In my early days I had lost all of my desire to leave the house or pretty much go anywhere, I couldn’t bare my own company either so as you can Imagin the days really didnt go fast. Then I found an unbelievable comfort in a little purple notebook which id had sat in my bookcase for ever. This book became my lifeline, I took it absolutely everywhere with me. Inside I wrote positive affirmations, quotes and basicly anything that made me feel something on Pinterest. I cut out and stuck in things that made me smile and I wrote down things I couldn’t tell anyone. There are some amazing Instagram accounts which really inspire and bring out your creative flare.


So for some people this is their last resort and a topic of taboo but for me the way I was feeling meds were a no brainer. Your GP knows what they are doing and will only ever prescribe you with a low dosage and the right tablets for you and your symptoms. Never compare your meds with anyone else, every person is different. Make time to understand your meds and always follow the dosage and instructions on the pack. I have changed my meds at least 6 times over the last 3 years and I can finally say I am in a posittion were they have completly changed my life.

Self care…Remember to Love yourself

  • Be kind to yourself – Don’t expect too much of yourself, it is easy to feel overwhelmed as a new or expecting mum. Don’t pressure yourself to do to much
  • Sleep when you can – this may seem impossible but it can make a big difference to how your feeling
  • Accept help – If people offer don’t feel embarrassed to say yes
  • Get up, washed and dressed – It can make a huge difference to how you feel
  • Take time for you where possible – meet friends, relax with a book, watch TV, craft or try relaxation techniques. A little time to yourself can make you feel amazing
  • Do some kind of physical activity – It can help distract you and improve your physical and mental health

Knitting and Painting and Blogging Oh My!!

Finding yourself a new hobby or taking up a new craft or even making endless pin boards on Pinterest can be a fantastic distraction from what’s happening in your head. I will happily admit that my Instagram has saved my life, from posting pics daily of things I love, feeling that little less alone through watching peoples stories and making some incredible friends, Instagram has been my rock. Find something that challenges you, something that inspires you but also something that you can almost use, that wont matter if you leave it for days or weeks but will always be there for you to go back to. Plus Netflix you deserve a shout out in this section!!!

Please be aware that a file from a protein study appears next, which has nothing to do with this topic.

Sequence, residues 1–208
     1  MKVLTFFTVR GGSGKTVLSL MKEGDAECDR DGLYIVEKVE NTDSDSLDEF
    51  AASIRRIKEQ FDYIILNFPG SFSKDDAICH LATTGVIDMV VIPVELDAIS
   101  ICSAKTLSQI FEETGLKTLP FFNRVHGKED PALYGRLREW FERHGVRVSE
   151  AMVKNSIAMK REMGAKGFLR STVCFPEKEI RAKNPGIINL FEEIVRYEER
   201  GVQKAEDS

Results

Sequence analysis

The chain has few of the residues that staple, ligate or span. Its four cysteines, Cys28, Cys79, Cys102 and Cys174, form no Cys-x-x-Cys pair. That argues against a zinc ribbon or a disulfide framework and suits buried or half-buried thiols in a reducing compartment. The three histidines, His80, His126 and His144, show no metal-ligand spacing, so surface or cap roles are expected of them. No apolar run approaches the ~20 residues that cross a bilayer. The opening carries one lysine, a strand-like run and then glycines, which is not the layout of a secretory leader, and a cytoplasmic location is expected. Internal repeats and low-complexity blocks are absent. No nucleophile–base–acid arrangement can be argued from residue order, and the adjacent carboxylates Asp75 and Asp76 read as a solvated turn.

Research FOR YOUR LIFE!!

We are incredibly lucky to be in an era were we have so much information at our fingertips, I quickly learned that there are so many other people feeling and suffering in the same way as myself, research really makes a difference to your recovery. Research coping techniques, mindfulness, Yoga, CBT, self care the list goes on. Lets be totally honest here, no one wants to feel depressed or have anxiety and as much as medication and health professionals will help you your road to recovery will happen a lot sooner if you invest ALL your time and effort into your own recovery.

3 thoughts on “‘I need help’…what happens next? 5 tips for the early days”

  1. Abi You are amazing and I remember you showing me that notebook with all your thoughts and your amaz8ng calligraphy writing. Xxxx big hugs. X so proud of you for speaking out and sharing. X


  2. Some wonderful tips here to help people get the assistance they need. There is NO shame in asking for help – in fact, it’s a sign of strength, not weakness, to ask for assistance when you need it. You’ve provided a great checklist for others…well done.